US Open champion Svetlana Kuznetsova has tested positive for a banned drug, according to Belgian authorities.
Kuznetsova beat Jessica Kirkland in the first round in Melbourne
Belgian sports minister Claude Eerdekens said that the Russian world number five tested positive for the stimulant ephedrine on 19 December.
Kuznetsova was playing in an exhibition event in Charleroi at the time.
Eerdekens said: "There is a problem. Ephedrine was discovered. She remains innocent until proved guilty. She can ask for it to be tested again."
The situation remains unclear as the tournament was not commissioned by the World Anti-Doping Agency (Wada), the International Tennis Federation (ITF) or the Women's Tennis Accosiation (WTA).
The test was carried out by regional Belgian authorities and Kuznetsova has not yet been able to have a B sample tested.
Speaking at the Australian Open on Monday, before Eerdekens identified her,
Kuznetsova said: "I'm not worried. I'm not using anything to push myself.
"I have not been notified of any positive test, and I think it is unfair that it's come out the way it did."
Eerdekens said that confirmation of the findings was sent last Friday to the player's address in Spain, as well as to the Belgian prosecutors' office and the Belgian and Russian tennis federations.
He conceded Kuznetsova might have taken a medicine which contained the banned substance.
"We have simply stated a fact," he said. "It is for the federation concerned to impose the disciplinary measures after a procedure that respects the defence.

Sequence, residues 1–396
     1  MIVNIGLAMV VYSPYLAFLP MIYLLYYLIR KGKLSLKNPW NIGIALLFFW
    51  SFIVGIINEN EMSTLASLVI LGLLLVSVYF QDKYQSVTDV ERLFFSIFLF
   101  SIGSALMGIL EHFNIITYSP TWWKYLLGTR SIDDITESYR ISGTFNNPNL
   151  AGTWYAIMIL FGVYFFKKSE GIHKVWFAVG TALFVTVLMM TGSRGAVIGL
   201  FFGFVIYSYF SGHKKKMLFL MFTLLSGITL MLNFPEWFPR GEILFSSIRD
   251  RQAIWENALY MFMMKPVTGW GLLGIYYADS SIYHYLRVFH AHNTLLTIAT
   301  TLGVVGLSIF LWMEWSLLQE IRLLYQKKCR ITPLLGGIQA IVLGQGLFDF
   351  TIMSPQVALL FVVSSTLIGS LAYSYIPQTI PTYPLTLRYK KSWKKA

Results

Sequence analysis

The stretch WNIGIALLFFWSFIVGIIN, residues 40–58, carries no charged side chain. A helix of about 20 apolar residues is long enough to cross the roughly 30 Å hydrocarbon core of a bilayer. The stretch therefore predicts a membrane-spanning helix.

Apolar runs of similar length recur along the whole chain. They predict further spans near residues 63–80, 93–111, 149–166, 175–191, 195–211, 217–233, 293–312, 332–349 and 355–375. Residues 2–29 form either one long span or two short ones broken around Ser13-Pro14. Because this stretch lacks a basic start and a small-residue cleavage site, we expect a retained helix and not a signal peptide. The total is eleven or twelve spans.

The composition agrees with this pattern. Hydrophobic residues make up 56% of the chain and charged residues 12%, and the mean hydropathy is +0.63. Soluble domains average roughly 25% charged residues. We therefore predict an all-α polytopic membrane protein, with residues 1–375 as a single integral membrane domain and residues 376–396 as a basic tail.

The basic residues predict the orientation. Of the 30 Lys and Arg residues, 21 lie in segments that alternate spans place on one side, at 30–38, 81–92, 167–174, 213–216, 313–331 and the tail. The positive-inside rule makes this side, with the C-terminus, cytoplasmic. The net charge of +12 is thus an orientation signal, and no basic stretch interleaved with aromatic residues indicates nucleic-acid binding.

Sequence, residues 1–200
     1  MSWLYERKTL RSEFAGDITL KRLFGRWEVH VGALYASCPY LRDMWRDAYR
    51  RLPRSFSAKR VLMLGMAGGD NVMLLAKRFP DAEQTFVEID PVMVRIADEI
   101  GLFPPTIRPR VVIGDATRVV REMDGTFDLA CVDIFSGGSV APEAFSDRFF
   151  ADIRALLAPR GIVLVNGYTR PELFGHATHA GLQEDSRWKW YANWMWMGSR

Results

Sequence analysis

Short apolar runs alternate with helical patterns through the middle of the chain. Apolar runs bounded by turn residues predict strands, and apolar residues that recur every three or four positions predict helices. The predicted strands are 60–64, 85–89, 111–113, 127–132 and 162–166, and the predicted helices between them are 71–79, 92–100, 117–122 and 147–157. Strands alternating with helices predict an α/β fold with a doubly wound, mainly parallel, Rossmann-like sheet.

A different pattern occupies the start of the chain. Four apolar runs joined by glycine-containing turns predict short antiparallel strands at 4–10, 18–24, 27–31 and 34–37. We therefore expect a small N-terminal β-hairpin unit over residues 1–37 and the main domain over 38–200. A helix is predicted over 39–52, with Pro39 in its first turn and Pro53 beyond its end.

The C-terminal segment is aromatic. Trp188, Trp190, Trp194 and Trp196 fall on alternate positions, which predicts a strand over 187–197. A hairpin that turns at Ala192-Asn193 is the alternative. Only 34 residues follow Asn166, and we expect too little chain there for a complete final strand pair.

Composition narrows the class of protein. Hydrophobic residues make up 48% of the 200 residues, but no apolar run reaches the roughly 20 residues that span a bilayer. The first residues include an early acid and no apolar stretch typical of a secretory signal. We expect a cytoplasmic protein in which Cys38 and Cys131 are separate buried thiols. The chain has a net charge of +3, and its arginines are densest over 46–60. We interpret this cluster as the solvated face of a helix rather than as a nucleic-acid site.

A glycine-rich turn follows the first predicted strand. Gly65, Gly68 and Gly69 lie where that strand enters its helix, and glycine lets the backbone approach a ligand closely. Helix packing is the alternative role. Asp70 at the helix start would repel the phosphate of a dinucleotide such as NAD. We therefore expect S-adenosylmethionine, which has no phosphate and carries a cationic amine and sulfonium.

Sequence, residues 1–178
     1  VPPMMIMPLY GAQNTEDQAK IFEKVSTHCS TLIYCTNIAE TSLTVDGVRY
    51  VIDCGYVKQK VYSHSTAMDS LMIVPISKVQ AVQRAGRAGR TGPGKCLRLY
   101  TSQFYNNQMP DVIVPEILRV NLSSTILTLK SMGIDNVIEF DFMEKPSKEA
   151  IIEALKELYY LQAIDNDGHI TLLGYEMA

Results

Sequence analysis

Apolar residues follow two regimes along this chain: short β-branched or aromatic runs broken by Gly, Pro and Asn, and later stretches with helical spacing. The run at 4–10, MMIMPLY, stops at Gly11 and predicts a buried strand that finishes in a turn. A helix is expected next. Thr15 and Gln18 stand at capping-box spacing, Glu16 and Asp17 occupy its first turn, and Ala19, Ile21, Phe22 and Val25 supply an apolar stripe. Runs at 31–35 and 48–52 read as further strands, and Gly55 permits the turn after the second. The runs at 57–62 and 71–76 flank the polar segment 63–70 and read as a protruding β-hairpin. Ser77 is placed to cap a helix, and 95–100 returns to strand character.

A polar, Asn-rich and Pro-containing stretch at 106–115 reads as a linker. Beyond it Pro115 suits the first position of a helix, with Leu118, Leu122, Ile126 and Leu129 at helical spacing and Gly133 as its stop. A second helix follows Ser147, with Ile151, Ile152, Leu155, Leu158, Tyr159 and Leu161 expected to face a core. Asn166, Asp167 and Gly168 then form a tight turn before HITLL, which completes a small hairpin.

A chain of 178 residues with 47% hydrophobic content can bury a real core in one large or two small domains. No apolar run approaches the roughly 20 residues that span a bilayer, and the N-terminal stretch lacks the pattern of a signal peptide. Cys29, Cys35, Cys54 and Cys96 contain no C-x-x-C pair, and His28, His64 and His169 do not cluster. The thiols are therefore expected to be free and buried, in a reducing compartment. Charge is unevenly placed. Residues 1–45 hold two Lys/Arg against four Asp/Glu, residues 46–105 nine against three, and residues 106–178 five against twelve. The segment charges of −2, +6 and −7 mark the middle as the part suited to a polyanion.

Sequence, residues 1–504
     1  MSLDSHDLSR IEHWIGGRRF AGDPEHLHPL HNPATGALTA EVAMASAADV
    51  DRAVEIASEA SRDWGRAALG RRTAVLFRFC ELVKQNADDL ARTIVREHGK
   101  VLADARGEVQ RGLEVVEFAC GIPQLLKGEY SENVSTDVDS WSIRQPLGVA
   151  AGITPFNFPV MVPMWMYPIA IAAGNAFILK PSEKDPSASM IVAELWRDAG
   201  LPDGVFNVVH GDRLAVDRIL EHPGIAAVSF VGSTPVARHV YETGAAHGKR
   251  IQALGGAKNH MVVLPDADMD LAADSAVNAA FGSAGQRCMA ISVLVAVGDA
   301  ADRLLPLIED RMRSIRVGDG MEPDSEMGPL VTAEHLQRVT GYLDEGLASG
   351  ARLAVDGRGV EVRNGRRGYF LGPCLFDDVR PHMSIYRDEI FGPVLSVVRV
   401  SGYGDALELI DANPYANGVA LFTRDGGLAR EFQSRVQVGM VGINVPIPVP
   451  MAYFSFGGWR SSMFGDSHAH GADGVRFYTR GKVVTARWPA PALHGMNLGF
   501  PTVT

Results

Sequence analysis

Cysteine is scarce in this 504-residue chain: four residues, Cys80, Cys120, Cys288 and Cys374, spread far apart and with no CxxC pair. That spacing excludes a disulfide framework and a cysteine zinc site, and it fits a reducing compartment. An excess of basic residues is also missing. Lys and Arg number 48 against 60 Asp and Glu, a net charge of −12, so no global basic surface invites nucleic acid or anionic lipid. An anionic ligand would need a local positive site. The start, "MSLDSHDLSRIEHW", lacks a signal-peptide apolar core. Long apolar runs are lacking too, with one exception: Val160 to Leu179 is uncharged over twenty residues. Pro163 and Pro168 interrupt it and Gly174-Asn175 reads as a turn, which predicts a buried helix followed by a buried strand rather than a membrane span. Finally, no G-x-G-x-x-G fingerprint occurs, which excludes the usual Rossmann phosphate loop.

"Either the ephedrine was taken to improve her performance or it is because she took some medicine legitimately to cure an infection."
However, Kuznetsova's naming was condemned by Russian tennis chief Shamil Tarpishchev.
"First of all, this Belgian sports minister has broken every ethical rule in the book by naming a player without any proof of wrongdoing, without any basic evidence," Tarpishchev said.
"We all know the basic principle in doping cases. If there is a positive sample, then they should notify the International Tennis Federation (ITF) as well as the national federation within three days," he said.
"This is not the case here. As of today we have not received any statement from the doping officials, nor did the ITF.
"Today I called the ITF headquarters and they told me they know nothing about it.
"If WADA (the World Anti-Doping Agency) was behind the testing, then we would also have known something by now.
"Otherwise, all these looks to me as pure fiction and fabrication of the facts."